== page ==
Posted - 08 May 2015 09:44
Does anyone use the training board anymore?!?!?!
Anyway, I would very much appreciate some guidance on (a nice) dilemma.
I have been given the nod that I will be offered an NQ job at my training firm and at the same time, I have also been offered an in house role elsewhere (don't really want to go into too many details).
I really don't know which way to turn as they are wholly different prospects. The main thing that I am concerned about is if I want to go back to private practice in the future, will I be prejudiced by having gone in house at such a junior stage? Do private practice lawyers turn their nose up at their in-house brethren? If anyone has any experience and can also suggest other things that I should think about I would be extremely grateful.
Posted - 08 May 2015 19:24
I don't agree with Roscoe's last para at all. Who gives a fcuk if they leave now or in 6 months? Either can be explained away at interview.
From personal experience, a bad in-house roles is a bazillion times worse than a bad pp role (same crap, more monotony, more arse-covering in the absence of billables to prove your apparent value, less ££). So I would tread very carefully and do plenty of dd on why this in-house team is hiring and what life will be like there.
A grim view I know, but my two in-house secondments basically made me want to leave the profession.
Posted - 10 May 2015 14:27
Yes, some PP lawyers may turn their noses up at you. Others will look at the different skills you have developed working in-house and think them beneficial. There's no one right answer here. You can, however, shape how people perceive you — to an extent, at least — through how you portray yourself. If, at the time you come to move back to PP, your CV shows someone who spent the last three years shovelling work back to PP and passing on their answers to your clients, with no real development of legal skills, you might struggle.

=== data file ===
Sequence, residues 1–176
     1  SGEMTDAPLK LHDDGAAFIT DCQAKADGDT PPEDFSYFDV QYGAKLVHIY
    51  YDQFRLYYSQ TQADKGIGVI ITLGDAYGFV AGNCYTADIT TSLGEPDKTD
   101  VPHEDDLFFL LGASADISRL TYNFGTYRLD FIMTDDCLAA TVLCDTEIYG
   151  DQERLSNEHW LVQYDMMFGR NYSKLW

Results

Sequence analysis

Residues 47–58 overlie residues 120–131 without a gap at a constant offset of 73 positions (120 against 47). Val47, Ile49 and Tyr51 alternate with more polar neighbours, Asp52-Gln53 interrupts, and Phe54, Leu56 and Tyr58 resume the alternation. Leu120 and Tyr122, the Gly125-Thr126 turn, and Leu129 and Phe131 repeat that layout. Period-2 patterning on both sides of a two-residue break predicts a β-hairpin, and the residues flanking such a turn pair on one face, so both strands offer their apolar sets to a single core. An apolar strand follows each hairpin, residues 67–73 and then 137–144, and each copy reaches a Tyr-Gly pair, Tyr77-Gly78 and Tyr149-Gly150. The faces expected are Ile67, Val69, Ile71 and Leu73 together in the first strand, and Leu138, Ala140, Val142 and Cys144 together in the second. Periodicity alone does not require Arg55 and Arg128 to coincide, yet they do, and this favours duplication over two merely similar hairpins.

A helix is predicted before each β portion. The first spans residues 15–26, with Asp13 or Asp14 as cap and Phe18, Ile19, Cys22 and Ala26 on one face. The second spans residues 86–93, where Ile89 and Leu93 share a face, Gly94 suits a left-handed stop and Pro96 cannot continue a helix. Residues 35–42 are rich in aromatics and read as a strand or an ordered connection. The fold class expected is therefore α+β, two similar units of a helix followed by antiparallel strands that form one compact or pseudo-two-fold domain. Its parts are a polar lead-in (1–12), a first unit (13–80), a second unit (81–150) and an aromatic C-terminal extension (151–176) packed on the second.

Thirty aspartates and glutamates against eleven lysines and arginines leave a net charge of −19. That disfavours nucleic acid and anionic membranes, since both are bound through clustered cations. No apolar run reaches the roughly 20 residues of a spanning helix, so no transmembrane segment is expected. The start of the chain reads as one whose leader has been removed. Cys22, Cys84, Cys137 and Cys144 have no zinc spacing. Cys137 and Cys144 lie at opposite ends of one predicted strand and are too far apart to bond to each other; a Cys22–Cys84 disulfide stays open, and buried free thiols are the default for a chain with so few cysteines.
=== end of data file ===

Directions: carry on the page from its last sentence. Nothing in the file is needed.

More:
If, conversely, it demonstrates that you have a real aptitute for working with "the business" and giving them timely, pragmatic and highly commercial legal advice, tackling some tricky legal issues in such a way that your colleagues never had to worry about them, then you sound like a good hire.
Bear in mind that most people like to think that they are the best, or, at least, very good, at what they do. PP lawyers have often said to me words to the effect of "you won't be a good lawyer, technically speaking, if you go in-house too early — only PP lawyers can do that." And you'll find in-house lawyers who will complain how all PP lawyers lack commercial awareness and cannot give you a straight answer as to the best approach to take. While these will be undoubtedly true in some cases, they are generalisations, and you'll find technically great lawyers working in-house and highly commercial, pragmatic lawyers working in PP.
Personally: I trained in-house and enjoy it. I don't think that that means I'm a poor lawyer technically (although, see above; I might be), and I would hope that it would not be too much of a struggle if I did want to work for a law firm one day. Although it doesn't tempt me at all.
Friends of mine trained in-house and then moved to PP (in my view, to decent firms too). Others started in PP, moved in-house, and moved back to law firms; of those, all are now partners. Others have moved between companies around the world, enjoying the travelling opportunities. Some moved from PP, found it was not for them and moved back to PP very quickly — with seemingly no detriment to their careers.
other things that I should think about
You are qualified — congratulations! — and have a lot to learn. Will the in-house team be able to support you in that? Will you have supervision, and someone to turn to when you have questions? What resources are available to you? Will you get to do legal work and develop your legal skills, or will you be a letterbox between clients and external lawyers?